ever-more powerful encryption and decryption computers for the U.S. government.

By 1957 Isaac had had enough of working for others and struck out on his own. He then established the Auerbach Corporation for Science and Technology. Under the rubric of that corporation and independently, Isaac, as a pioneering entrepreneur in the computer field, founded and headed more than a dozen successful companies.

Among the best known of these was Auerbach Associates Inc., one of the earliest computer system design and consulting firms in the United States. Specializing in real-time systems, the firm was responsible for a new air-traffic control system for the Federal Aviation Administration, the earliest airline reservation system, and every computer in the U.S. Ballistic Missile Early Warning System. Personally, Isaac was a successful inventor, holding sixteen U.S. and foreign patents in the digital computer field.

Another firm that he founded, Auerbach Publishers Inc., produced a world-renowned series of loose-leaf information services covering computer technology, information management, and computers in manufacturing. These services updated information monthly and distributed it on six continents. The information eventually came to fill thirty-seven substantial binders, which essentially defined the computer industry.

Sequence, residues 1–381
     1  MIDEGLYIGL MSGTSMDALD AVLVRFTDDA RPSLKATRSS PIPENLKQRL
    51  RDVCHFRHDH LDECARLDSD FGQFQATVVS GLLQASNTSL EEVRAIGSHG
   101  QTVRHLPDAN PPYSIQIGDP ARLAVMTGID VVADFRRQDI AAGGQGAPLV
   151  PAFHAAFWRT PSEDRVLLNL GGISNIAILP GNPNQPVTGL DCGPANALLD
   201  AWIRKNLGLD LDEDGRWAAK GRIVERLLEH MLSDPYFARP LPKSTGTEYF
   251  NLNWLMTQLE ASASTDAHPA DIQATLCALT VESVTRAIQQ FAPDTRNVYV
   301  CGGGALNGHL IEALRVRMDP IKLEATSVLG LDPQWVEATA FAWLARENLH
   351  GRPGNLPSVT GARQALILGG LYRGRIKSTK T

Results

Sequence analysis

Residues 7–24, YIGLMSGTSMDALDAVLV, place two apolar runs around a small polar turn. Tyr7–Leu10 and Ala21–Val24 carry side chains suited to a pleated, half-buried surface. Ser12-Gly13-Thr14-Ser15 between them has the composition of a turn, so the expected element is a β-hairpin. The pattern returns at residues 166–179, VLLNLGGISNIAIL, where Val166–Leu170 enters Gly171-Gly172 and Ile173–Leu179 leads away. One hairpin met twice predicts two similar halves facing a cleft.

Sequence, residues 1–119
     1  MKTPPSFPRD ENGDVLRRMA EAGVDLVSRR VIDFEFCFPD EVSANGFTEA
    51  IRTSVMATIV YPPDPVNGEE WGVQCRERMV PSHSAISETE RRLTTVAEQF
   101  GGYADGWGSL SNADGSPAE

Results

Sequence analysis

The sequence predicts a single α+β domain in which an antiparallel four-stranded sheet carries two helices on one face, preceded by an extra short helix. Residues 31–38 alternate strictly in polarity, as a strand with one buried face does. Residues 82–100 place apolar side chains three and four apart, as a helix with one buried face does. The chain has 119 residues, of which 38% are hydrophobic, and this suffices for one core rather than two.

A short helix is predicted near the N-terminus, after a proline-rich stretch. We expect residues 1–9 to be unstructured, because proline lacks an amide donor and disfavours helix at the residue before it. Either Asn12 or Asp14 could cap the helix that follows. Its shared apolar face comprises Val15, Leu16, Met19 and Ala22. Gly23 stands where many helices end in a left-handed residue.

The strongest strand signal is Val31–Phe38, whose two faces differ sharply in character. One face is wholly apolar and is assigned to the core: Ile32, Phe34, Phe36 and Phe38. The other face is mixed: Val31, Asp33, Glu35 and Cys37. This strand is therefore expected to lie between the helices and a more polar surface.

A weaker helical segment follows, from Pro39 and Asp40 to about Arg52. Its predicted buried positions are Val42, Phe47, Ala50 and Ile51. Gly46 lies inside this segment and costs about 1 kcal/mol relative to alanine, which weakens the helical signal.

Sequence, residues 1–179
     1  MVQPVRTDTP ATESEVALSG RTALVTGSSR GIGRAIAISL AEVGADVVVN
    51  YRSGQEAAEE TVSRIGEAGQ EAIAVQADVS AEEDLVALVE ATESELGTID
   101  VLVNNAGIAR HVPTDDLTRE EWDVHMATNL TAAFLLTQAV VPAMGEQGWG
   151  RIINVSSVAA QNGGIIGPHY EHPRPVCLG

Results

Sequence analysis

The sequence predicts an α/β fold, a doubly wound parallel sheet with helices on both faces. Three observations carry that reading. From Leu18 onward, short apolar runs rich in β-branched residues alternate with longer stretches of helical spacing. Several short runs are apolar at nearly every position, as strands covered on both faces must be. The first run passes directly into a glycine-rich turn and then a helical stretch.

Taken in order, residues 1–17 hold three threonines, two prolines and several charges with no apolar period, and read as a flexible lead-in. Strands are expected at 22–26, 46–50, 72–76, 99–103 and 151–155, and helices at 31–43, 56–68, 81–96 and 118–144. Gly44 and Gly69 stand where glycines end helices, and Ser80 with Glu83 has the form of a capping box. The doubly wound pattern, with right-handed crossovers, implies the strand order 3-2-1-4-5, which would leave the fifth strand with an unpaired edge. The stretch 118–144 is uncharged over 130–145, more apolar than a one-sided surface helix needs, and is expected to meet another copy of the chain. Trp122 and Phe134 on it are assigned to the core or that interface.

As reflected in his consulting and his publishing, Isaac recognized how important communication among professionals was to the development of the information field. He pulled together forty-eight professional societies from fifteen countries and in 1960 founded (and served as the first president of) the International Federation for Information Processing. He was elected their first honorary life member in 1969.

Among Isaac's many other honors were his election as a fellow of the American Association for the Advancement of Science, a distinguished fellow of the British Computer Society (personally conferred by the Duke of Kent), a trustee of the Charles Babbage Institute, a fellow of the Institute of Electrical and Electronics Engineers, and an honorary member of the Information Processing Society of Japan.

The National Academies | 500 Fifth St. N.W. | Washington, D.C. 20001
Copyright © National Academy of Sciences. All rights reserved.
Terms of Use and Privacy Statement